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4.6.2.7 Using myisamchk for Crash Recovery - MySQL

If you need to administer MySQL, this article gets you off to a good start. In this section, we discuss the issues of disaster prevention and recovery. The fifth of a multi-part series, it is excerpted from chapter four of the book MySQL Administrator's Guide, written by Paul Dubois (Sams; ISBN: 0672326345).

TABLE OF CONTENTS:
  1. Disaster Prevention and Recovery with the MySQL Database
  2. 4.6.2.2 General Options for myisamchk
  3. 4.6.2.4 Repair Options for myisamchk
  4. 4.6.2.7 Using myisamchk for Crash Recovery
  5. 4.6.2.9 How to Repair Tables
  6. 4.6.3 Setting Up a Table Maintenance Schedule
  7. 4.6.4 Getting Information About a Table
By: Sams Publishing
Rating: starstarstarstarstar / 7
June 22, 2006

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If you run mysqld with --skip-external-locking (which is the default on some systems, such as Linux), you can't reliably use myisamchk to check a table when mysqld is using the same table. If you can be sure that no one is accessing the tables through mysqld while you run myisamchk, you only have to do mysqladmin flush-tables before you start checking the tables. If you can't guarantee this, then you must stop mysqld while you check the tables. If you run myisamchk while mysqld is updating the tables, you may get a warning that a table is corrupt even when it isn't.

If you are not using --skip-external-locking, you can use myisamchk to check tables at any time. While you do this, all clients that try to update the table will wait until myisamchk is ready before continuing.

If you use myisamchk to repair or optimize tables, you must always ensure that the mysqld server is not using the table (this also applies if you are using --skip-external-locking). If you don't take down mysqld, you should at least do a mysqladmin flush-tables before you run myisamchk. Your tables may become corrupted if the server and myisamchk access the tables simultaneously.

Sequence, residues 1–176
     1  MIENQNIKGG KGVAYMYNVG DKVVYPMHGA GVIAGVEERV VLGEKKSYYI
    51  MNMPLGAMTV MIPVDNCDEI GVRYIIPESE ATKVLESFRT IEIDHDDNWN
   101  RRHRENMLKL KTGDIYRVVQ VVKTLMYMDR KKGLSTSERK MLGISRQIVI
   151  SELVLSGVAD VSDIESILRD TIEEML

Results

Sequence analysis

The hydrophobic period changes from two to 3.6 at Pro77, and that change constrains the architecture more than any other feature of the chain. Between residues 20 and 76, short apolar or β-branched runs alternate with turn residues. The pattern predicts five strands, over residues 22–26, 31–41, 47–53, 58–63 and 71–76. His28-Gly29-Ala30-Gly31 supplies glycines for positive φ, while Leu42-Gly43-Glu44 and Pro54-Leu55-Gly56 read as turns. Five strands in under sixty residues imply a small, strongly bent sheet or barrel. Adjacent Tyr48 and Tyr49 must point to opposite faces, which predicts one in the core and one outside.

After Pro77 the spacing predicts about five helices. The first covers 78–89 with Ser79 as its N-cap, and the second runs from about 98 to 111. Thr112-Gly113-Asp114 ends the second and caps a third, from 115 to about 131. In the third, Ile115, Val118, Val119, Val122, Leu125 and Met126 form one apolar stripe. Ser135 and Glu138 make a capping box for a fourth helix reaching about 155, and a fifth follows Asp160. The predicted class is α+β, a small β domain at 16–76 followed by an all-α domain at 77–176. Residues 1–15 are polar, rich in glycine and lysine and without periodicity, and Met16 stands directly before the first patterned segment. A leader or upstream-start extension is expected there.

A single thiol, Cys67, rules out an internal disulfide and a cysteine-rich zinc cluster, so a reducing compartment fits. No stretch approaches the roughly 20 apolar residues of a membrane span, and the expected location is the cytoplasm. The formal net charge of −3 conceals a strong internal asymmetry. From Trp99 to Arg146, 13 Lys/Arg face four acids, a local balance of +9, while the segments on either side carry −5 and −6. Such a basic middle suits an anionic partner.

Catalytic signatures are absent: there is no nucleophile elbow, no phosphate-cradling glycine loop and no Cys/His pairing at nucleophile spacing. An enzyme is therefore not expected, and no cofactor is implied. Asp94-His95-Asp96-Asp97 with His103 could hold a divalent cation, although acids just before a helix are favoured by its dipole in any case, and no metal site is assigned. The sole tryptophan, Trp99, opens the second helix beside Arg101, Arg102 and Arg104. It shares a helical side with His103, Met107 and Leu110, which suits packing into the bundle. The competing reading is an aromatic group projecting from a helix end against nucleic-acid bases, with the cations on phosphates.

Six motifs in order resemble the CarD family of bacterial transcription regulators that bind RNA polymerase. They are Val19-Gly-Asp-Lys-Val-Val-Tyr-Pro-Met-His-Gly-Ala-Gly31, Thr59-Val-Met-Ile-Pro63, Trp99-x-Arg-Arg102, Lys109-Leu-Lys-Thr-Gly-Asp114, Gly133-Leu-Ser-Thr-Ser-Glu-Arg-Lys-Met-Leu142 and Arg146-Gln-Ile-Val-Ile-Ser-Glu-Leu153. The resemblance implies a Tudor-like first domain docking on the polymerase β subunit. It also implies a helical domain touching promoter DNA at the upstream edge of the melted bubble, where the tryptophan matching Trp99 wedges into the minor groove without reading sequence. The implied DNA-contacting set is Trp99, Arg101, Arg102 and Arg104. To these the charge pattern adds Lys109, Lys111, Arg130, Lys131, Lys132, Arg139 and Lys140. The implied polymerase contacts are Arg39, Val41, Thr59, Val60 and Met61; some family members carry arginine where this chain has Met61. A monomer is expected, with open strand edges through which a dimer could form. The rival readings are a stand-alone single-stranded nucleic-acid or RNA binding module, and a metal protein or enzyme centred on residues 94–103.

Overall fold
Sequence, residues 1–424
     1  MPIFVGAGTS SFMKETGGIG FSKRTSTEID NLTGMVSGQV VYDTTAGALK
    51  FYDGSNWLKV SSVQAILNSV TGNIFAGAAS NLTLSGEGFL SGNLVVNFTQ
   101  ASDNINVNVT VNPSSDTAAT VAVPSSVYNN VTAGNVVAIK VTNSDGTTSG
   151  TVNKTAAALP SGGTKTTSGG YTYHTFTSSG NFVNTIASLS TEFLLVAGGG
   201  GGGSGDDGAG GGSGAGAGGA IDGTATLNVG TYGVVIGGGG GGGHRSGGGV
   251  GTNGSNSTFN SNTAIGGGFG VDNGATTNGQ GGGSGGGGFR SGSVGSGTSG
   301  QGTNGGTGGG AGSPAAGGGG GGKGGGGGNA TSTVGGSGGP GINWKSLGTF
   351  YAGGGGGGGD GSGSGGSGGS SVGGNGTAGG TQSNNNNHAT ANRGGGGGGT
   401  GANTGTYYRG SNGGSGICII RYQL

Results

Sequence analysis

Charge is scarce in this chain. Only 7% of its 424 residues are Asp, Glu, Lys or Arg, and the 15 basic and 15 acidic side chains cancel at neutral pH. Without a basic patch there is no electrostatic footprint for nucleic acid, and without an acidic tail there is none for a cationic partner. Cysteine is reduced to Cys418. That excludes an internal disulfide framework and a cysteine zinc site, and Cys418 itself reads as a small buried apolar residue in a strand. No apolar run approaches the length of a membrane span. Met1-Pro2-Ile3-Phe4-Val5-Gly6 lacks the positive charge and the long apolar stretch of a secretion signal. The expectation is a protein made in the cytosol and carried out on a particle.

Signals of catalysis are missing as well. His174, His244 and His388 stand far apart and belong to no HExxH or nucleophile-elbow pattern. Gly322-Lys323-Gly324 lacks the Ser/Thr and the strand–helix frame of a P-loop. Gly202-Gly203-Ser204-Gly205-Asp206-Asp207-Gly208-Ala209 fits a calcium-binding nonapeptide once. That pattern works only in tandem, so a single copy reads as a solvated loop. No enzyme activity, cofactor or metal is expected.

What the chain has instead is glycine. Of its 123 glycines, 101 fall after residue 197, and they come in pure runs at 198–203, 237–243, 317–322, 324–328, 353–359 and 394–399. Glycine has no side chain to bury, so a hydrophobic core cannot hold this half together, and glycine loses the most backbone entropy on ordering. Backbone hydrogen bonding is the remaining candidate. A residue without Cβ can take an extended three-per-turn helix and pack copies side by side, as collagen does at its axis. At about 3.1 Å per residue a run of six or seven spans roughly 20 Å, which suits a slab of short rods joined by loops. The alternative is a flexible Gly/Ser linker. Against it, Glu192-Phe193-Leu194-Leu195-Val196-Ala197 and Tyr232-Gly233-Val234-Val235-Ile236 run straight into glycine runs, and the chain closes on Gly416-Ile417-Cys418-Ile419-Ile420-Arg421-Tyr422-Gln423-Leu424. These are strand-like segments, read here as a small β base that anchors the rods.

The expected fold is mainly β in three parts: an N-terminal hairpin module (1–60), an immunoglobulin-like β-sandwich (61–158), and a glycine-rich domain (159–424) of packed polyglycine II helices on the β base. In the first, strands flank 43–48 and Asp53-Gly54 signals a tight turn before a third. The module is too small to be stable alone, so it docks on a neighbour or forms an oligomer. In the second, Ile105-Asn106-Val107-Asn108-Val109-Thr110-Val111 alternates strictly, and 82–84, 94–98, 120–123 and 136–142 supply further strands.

This section describes how to check for and deal with data corruption in MySQL databases. If your tables get corrupted frequently you should try to find the reason why. See Section A.4.2, "What to Do If MySQL Keeps Crashing."

The MyISAM table section contains reasons for why a table could be corrupted. See Section 8.1.4, "MyISAM Table Problems."

When performing crash recovery, it is important to understand that each MyISAM table tbl_name in a database corresponds to three files in the database directory:

File

Purpose

tbl_name.frm

Definition (format) file

tbl_name.MYD

Data file

tbl_name.MYI

Index file


Each of these three file types is subject to corruption in various ways, but problems occur most often in data files and index files.

myisamchk works by creating a copy of the .MYD data file row by row. It ends the repair stage by removing the old .MYD file and renaming the new file to the original file name. If you use --quick, myisamchk does not create a temporary .MYD file, but instead assumes that the .MYD file is correct and only generates a new index file without touching the .MYD file. This is safe, because myisamchk automatically detects whether the .MYD file is corrupt and aborts the repair if it is. You can also specify the --quick option twice to myisamchk. In this case, myisamchk does not abort on some errors (such as duplicate-key errors) but instead tries to resolve them by modifying the .MYD file. Normally the use of two --quick options is useful only if you have too little free disk space to perform a normal repair. In this case, you should at least make a backup before running myisamchk.

4.6.2.8 How to Check MyISAM Tables for Errors

To check a MyISAM table, use the following commands:

  • myisamchk tbl_name

    This finds 99.99% of all errors. What it can't find is corruption that involves only the data file (which is very unusual). If you want to check a table, you should normally run myisamchk without options or with either the -s or --silent option.

  • myisamchk -m tbl_name

    This finds 99.999% of all errors. It first checks all index entries for errors and then reads through all rows. It calculates a checksum for all keys in the rows and verifies that the checksum matches the checksum for the keys in the index tree.

  • myisamchk -e tbl_name

    This does a complete and thorough check of all data (-e means "extended check"). It does a check-read of every key for each row to verify that they indeed point to the correct row. This may take a long time for a large table that has many indexes. Normally, myisamchk stops after the first error it finds. If you want to obtain more information, you can add the --verbose (-v) option. This causes myisamchk to keep going, up through a maximum of 20 errors.

  • myisamchk -e -i tbl_name

    Like the previous command, but the -i option tells myisamchk to print some informational statistics, too.

In most cases, a simple myisamchk with no arguments other than the table name is sufficient to check a table.



 
 
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